steveVa    Posted 07-20-2018 at 09:14:14 [URL] [DELETE]        [Reply] [No Email]  
  • Re: Drill bit sharpening help
  • I saw a you tube video on simple inventions not long ago and someone made a simple angled jig that attached to a grinder. They used that to sharpen bits of all sizes. I will send you a link if I can find it.

    Vince/PA    Posted 07-20-2018 at 06:16:08 [URL] [DELETE]        [Reply] [Email]  
  • Re: Drill bit sharpening help
  • Fastenal offers a reasonably priced sharpening service if you can't do it yourself.

    Depends on how close you are to a store.

    Beth and Allen    Posted 07-21-2018 at 08:44:28 [URL] [DELETE]        [Reply] [No Email]  
  • Re: Drill bit sharpening help Reply to Vince Pa
  • Thanks Vince, I called fastenal and was told to bring them in. I'll give them a try and let everyone know how it works out. I have at least 40 bits that need sharpening ,some worse than others. Some of these bits are 50+ years old and are really good bits. I just bought a few bits the other day to fill in some gaps in the sizes that I don't have (can you say sticker shock?). God Bless, Beth and Allen.

    Tim Daley(MI)    Posted 07-20-2018 at 05:28:42 [URL] [DELETE]        [Reply] [No Email]  
  • Re: Drill bit sharpening help
  • Drill sharpening by hand is an art, almost a lost form nowadays what with devices like drill doctors and such. There are drill guide scales, or use to be, a 6 steel rule that had the 59 angled edge on one end with a scale and separate protractor so you could measure each side when sharpening by hand. Standard drill points are 118 included angle for most applications. For a more precise hole, and longer lasting drill, we used Parabolic Drills, at 140 included angle. Carbide is best, but more expensive that HSS. If you ever wondered what that V was for on your bench or pedestal grinder rest, it was a guide for sharpening drills. It cradled the bit at the correct 59 angle. Back in my machinist apprentice training days in 1975, I ran NATCOS (multi-spindle drill press machines), single spindle drill presses, and GANG DRILLS, and had to learn how to sharpen our own drills by hand. Ditto when I moved up to NC Turret Lathes. The hardest machining operation to perform is drilling a hole on a lathe. It will teach you how to correctly sharpen a drill and how to correctly set up the tool and machine. If the tool and the workholding device isnt solid and rigid, you will have problems with oversize holes, tool breakage, and drill walk. Carbide tools will chip or break easier than HSS and never should be used with a hand operated drill motor. The tool/drill must be aligned centered and square to the workpiece. On a precision NC (CNC now) lathe, the tool must be indicated in when set up. Total TIR should not exceed .001. Once you find center, it also must be aligned perpendicular, horizontally and up and down (vertically) so when it drills, it isnt cutting on an angle and cause a misaligned and/or oversize hole. Always use a center drill or better yet,a spotter drill. Using a spotter will give not only a center spot, but will leave a chamfer at the top of hole on the finished workpiece when set to correct depth. As stated, it is an art. Getting the web right, the lands right, and correct angle is so important. If you get stumped on sharpening larger drills, check out your local machine job shops and ask if they could sharpen them for you. Here is a LINK to some very good info on drills.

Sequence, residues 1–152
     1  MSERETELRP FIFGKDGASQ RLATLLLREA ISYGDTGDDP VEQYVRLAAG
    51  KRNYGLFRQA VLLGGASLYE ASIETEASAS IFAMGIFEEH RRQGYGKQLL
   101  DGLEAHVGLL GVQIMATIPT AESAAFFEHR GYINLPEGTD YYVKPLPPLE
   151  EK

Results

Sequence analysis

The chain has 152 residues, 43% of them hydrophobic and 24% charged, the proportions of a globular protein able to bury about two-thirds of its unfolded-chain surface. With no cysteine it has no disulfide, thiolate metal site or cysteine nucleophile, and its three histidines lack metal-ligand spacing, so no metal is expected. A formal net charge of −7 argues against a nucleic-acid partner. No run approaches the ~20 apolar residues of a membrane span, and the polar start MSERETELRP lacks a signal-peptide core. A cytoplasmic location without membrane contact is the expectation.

DRILL GUIDE FOR HAND SHARPENING:

    Tim Daley(MI)

    K.LaRue-VA    Posted 07-19-2018 at 22:05:11 [URL] [DELETE]        [Reply] [No Email]  
  • Re: Drill bit sharpening help
  • Sharpening by hand is much better than carrying them somewhere.
    Placing two large hex bolt heads together like this:
    _
    / \
    \_/
    / \
    \_/

    Will give you the correct angle between the two cutting edges. Check the bit tip frequently in the angle between the bolt heads as each side is sharpened. The taper away from that leading edge just needs to be the same angle for both sides. Too steep makes a weak edge that won't last as long.

    duey    Posted 07-19-2018 at 20:45:48 [URL] [DELETE]        [Reply] [No Email]  
  • Re: Drill bit sharpening help
  • I also have a drill doctor.. and for the medium size bits, say 3/32 to 1/2, it works OK but it is not 'speedy'. I do wish it would deal with bits from #40 down to #60...but it doesn't... any larger bits, I sharpen by hand...

    When pointing the bit straight up, BE SURE the Right side (or the Cutting edge) is HIGHER than the Left Side. If it is not, it Won't Cut. Practice and Try, Practice and Try. It isn't magic and sending bits out for sharpening is PAIN...

    Good Luck.

    chris eby    Posted 07-20-2018 at 15:17:40 [URL] [DELETE]        [Reply] [Email]  
  • Re: Drill bit sharpening help
  • martins sharpening in Ephrata pa.(Lancaster county) they ship.email me for more info